Your browser version is no longer supported, so you may experience issues while using this site.
Please upgrade to a current browser to enjoy the best experience.

Victoria's natural hazard hotspots revealed ahead of Storm Season

By  AAMI

Melbourne's western suburbs claim top three spots

Hoppers Crossing in Melbourne’s west was hit worst by natural hazard events last year, according to claims data from insurer AAMI.

AAMI has released its top ten Victorian suburbs for Natural Hazard claims (storm, flood, hail and bushfire) last year to kick off its storm season Resilience Week campaign.

Analysis of almost 20,000 natural hazard insurance claims handled by AAMI in Victoria in the year to June 2014, showed that the top ten natural hazard hotspots across the state were:

Top 10 Suburbs

1. Hoppers Crossing

6. Werribee

2. Altona Meadows

7. Berwick

3. Point Cook

8. Rowville

4. Reservoir

9. Altona

5. Bentleigh East

10. Coburg

AAMI spokesperson, Reuben Aitchison, said: “While these were the top spots for damage last year, we know that storms and other natural hazards can be unpredictable and many parts of the state have copped it in recent years.”

AAMI has identified Victoria’s natural hazard claim hotspots to help prepare Victorians for the summer storm season.

“It’s no secret that Victoria is a state of extremes when it comes to weather,” said Mr Aitchison. “As recent as two months ago, SES volunteers were helping one part of the state which was being battered by a severe storm, while another part was experiencing snow, and then one week later we were struggling through 30 plus degree heat.”

“While the suburbs we have identified all rank highly, we want everyone in Victoria to use our ‘Resilience Week’ to make themselves more aware of the risks they are exposed to, and be better prepared to face them during the summer months.”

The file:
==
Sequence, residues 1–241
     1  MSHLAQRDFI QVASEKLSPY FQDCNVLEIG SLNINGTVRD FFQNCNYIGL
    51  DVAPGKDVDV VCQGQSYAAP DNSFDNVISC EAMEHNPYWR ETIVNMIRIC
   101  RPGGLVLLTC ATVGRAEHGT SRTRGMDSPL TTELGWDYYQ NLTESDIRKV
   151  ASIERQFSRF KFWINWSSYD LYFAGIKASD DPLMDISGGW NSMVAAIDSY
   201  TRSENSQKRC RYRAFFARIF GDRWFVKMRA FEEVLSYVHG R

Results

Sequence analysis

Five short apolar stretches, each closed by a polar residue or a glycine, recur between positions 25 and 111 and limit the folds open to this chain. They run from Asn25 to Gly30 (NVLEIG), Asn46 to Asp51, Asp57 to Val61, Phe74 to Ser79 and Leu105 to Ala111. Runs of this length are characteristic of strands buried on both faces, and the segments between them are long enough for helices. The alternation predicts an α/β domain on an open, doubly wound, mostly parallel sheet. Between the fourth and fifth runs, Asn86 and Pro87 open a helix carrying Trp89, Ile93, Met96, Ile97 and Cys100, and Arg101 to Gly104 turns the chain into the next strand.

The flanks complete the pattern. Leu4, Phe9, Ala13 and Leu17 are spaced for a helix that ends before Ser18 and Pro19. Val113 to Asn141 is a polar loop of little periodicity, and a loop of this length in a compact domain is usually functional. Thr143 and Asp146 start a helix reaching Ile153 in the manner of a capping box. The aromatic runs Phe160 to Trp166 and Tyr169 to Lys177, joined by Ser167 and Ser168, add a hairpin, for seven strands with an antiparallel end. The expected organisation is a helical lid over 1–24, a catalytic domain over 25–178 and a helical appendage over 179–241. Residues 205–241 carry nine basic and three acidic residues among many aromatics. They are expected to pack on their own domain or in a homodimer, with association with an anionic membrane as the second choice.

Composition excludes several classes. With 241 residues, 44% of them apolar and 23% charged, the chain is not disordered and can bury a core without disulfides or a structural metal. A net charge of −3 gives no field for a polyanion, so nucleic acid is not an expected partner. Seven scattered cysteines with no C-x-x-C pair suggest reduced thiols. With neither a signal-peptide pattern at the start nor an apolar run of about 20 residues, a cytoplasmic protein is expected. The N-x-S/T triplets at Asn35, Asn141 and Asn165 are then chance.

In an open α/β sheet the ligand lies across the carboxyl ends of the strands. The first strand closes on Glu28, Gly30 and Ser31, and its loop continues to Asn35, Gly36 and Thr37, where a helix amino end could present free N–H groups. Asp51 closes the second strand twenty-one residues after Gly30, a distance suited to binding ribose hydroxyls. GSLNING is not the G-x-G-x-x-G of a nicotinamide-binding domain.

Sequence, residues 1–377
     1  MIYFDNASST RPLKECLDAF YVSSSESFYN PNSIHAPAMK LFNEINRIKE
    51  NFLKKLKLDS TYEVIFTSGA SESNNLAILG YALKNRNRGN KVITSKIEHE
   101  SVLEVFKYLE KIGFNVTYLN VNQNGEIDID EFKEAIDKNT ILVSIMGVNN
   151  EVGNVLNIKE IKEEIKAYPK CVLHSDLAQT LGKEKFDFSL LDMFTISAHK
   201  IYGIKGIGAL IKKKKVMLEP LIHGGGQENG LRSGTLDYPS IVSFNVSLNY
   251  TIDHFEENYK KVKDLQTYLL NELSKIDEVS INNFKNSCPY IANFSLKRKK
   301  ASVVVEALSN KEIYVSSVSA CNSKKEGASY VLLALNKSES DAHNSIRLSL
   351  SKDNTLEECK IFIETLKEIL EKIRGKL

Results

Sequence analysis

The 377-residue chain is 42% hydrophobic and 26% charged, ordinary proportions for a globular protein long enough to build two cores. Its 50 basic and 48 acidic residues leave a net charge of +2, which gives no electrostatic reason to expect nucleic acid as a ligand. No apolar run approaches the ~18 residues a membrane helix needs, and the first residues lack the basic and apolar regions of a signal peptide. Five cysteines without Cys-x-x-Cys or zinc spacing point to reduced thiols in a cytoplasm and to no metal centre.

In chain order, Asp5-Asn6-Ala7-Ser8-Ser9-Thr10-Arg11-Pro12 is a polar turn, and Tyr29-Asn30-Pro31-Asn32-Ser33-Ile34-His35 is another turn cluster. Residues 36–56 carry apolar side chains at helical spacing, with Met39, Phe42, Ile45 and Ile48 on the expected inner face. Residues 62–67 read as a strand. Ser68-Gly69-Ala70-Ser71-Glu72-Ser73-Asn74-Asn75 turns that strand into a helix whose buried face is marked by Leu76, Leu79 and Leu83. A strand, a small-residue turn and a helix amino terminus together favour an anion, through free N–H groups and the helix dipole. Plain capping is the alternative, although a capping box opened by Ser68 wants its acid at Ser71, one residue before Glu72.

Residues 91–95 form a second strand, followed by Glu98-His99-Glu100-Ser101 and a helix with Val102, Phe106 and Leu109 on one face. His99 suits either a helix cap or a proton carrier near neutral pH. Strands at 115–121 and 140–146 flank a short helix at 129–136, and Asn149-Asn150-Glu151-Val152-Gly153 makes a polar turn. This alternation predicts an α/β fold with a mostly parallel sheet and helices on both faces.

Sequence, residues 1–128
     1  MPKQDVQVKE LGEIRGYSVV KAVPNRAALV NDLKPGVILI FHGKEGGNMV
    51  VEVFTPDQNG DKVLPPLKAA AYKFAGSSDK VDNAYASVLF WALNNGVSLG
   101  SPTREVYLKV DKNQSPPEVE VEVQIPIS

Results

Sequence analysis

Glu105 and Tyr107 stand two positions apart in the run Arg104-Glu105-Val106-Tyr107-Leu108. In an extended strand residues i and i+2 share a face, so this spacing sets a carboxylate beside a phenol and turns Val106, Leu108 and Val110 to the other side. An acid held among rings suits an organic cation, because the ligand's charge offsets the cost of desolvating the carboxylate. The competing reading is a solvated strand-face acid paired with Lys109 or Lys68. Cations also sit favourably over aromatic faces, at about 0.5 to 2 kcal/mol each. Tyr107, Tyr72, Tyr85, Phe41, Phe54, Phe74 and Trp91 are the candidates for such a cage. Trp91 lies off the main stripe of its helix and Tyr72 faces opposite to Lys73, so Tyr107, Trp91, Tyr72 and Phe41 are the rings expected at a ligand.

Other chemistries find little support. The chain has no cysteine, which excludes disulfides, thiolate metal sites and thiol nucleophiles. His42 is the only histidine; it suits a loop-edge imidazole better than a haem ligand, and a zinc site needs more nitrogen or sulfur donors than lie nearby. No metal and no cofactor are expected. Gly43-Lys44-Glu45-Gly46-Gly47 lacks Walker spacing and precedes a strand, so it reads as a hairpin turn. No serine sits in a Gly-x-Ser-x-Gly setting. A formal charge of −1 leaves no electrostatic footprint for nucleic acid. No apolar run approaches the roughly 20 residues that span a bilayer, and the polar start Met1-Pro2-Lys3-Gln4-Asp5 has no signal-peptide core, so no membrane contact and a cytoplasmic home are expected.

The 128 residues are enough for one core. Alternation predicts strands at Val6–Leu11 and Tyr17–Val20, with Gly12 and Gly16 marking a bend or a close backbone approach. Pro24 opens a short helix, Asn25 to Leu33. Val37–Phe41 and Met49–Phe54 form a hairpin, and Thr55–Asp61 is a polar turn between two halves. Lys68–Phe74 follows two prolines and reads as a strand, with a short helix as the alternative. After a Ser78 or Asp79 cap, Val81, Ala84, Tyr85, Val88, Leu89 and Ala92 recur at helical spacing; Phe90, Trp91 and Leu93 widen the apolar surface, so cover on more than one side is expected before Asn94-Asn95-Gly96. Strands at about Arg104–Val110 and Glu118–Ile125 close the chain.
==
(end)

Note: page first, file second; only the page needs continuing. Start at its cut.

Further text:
Throughout its ‘Resilience Week’, AAMI will use its Facebook page to share tips and information on what Victorians can do to be better informed, prepared and resilient this summer season – and encourages people to share their own tips and hints too.

“Summer storms, flooding and bushfires can be devastating, but if the tens of thousands of natural hazard claims we have handled in recent years have taught us anything, it’s that there are things people can do around the home to better protect themselves and their possessions,” Mr Aitchison said.

“Our message to Victorians this summer storm and bushfire season is simple: be informed, be prepared and be resilient – that way, you’ll be in a better position to survive whatever Mother Nature has in store for the state this season.”

AAMI's Top Tips to help Victorians prepare and protect their homes: 

Storm

  • Check gutters and downpipes as blocked gutters can send water flowing into your home during heavy rains.
  • Check the roof for damaged or loose tiles, or raised corners of corrugated sheets. A roof in good repair is more likely to withstand high winds and keep water out.
  • Trim overhanging branches. Do not attempt to trim trees near power lines.
  • Remove or secure loose items around the garden which could be blown about in high winds. In strong winds, these things can become airborne and turn into missiles which can cause severe damage to your home, or even injure someone
  • Keep a battery operated torch and AM radio handy in case of loss of electricity, as well as a first aid kit, spare water and canned food. Use the radio for power restoration updates and possible evacuation notices.
  • Consider putting important documents like passports and birth certificates into a protective plastic envelope and have these ready in case you need to leave

Bushfire

  • Cut back any overhanging trees or shrubs.
  • Check the condition of external walls, cladding and seal any gaps.
  • Check the condition of your roof and replace any damaged or missing tiles.
  • Remove leaves from the roof, gutters and downpipes and fit quality metal leaf guards where possible.
  • Consider purchasing a portable pump to use with your swimming pool or water tank.
  • Enclose all under-floor areas.
  • Have a non-combustible doormat.
  • Install metal fly-wire or solid screens to external windows and doors.
  • Keep your lawn short and the backyard tidy.
  • Make sure you have a hose that can reach every part of your home.
  • Store woodpiles and other flammable materials covered and away from the house.
  • Consider putting together a small package of keepsakes and things you would hate to lose, in case you need to leave quickly.